#Alive (2020) Review – Zombie Film Set in Quarantine.

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The pandemic is already next door, and watching a haunting movie about a virus, turning people into zombies, seems synonymous. Alive or marketed as #Alive is a zombie movie, that is a relatable depiction of one man quarantining from a deadly virus, while he is only supported by techno-gadgets around his place, and the last packet of Ramen, for supper.


The Story

Ah-in-Yoo, famously known for his role in the Korean film, Burning, plays the lead character, Jun-u, a PC-gamer who lives with his parents in an apartment complex in Seoul. He wakes up to find out the outbreak of a  mysterious virus that turns his fellow neighbors into flesh-eating monsters.

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Jun-u watches the death of his close ones in front of his own eyes yet he chooses to live. From the beginning, he tells himself that he will survive (like in all the PC games), and organizes his food, insulates himself indoors, and even drinks some of dad’s fancy alcohol. But that ray of self-assurance starts dwindling as the film proceeds. He records his emotional journey as vlogs, as things get worse when food starts to run out, and slowly loneliness kicks in, making things pretty tense. Right before he gives up permanently, he finds another tenant, Yu-bin (Shin-Hye Park) in the opposite apartment. She too has figured out her own system of survival, but what lies ahead is a distance between them, while the path is filled with man-eating Zombies. Will they survive or even meet? That’s what the film explores ahead.


Zombie Genre – Why everything feels Repetitive?

#Alive is yet another take on the Zombie genre that tests one’s hope at the times of an apocalypse— where the protagonist struggles with it, especially when they have to fight off the waves of zombies coming their way. But true to the story’s sentimentality, good news often comes soon, much predictable to the genre.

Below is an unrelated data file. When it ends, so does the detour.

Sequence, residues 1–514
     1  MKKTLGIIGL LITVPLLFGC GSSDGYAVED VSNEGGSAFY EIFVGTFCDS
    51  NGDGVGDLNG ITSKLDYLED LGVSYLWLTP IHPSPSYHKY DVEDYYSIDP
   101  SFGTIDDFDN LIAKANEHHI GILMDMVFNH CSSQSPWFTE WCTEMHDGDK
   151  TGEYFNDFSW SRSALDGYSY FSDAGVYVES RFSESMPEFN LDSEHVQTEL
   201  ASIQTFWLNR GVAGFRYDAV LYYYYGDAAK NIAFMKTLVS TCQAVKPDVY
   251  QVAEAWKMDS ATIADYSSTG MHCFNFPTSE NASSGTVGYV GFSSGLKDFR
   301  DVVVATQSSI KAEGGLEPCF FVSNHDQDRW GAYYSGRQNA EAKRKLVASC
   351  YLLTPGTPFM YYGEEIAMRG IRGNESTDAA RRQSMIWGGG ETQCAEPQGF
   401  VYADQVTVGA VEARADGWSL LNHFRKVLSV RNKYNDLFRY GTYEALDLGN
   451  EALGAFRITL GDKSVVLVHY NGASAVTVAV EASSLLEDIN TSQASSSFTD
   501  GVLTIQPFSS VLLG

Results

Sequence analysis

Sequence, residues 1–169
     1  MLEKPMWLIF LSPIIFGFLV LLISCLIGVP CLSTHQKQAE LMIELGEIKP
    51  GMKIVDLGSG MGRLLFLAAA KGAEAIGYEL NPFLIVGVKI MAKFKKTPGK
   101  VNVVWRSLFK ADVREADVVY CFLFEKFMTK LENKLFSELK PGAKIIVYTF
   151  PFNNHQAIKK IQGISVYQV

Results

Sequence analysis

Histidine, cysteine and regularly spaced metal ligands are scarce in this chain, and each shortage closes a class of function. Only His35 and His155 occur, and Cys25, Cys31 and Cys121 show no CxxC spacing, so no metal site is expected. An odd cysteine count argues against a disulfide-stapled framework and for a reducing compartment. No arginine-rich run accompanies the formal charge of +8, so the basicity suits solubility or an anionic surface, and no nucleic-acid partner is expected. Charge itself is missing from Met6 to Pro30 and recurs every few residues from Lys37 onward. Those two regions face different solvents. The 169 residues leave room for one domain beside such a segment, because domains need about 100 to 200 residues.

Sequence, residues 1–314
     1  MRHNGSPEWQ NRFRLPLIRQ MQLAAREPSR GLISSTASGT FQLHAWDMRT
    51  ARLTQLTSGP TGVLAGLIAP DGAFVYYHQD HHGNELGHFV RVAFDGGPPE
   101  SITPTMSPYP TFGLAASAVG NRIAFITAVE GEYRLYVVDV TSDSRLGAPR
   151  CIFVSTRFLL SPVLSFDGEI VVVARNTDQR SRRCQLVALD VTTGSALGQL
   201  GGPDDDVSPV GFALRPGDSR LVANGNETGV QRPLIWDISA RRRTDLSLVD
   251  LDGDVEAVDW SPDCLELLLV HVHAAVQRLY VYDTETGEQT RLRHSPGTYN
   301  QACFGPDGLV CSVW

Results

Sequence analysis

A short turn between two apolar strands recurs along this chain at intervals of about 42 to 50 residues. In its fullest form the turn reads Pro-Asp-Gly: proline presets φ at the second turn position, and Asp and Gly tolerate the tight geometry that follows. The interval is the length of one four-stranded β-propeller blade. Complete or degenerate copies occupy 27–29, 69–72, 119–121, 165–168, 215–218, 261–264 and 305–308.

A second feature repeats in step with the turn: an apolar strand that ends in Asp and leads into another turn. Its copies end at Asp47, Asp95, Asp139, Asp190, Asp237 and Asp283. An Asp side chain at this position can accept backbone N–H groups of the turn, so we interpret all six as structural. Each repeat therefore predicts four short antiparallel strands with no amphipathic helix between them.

There’s nothing peculiar about “#Alive, except for the use of technology. Jun-u is a PC gamer and tech-savvy, which leads to some captivating scenes, depicting how beneficial Technology could be in one’s quarantine, even if it’s a Zombie Apocalypse.

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Not to miss, #Alive is, somehow, a one-location film, a kind of genre that is booming during the time of Pandemic and it might be quoted as a One Location Zombie Film, though it doesn’t look budget-friendly at all, as the shots and VFX are very classy and top-notch.


#Alive is not something new or innovative, and simply becomes repetitive after a point, though I’d like to applaud the endeavour because director Cho Il-Hyung has integrated a lot of new experimented scenes and effects to make the film interesting. Yet #Alive” lacks substance and content. If the story or the script, would have been more appealing or gripping, it would have really pulled off a memorable take on the genre, like Train to Busan.


#Alive directed by Cho Il-Hyung is a Korean zombie film released in 2020. It has been streaming on Netflix since September 8, 2020.

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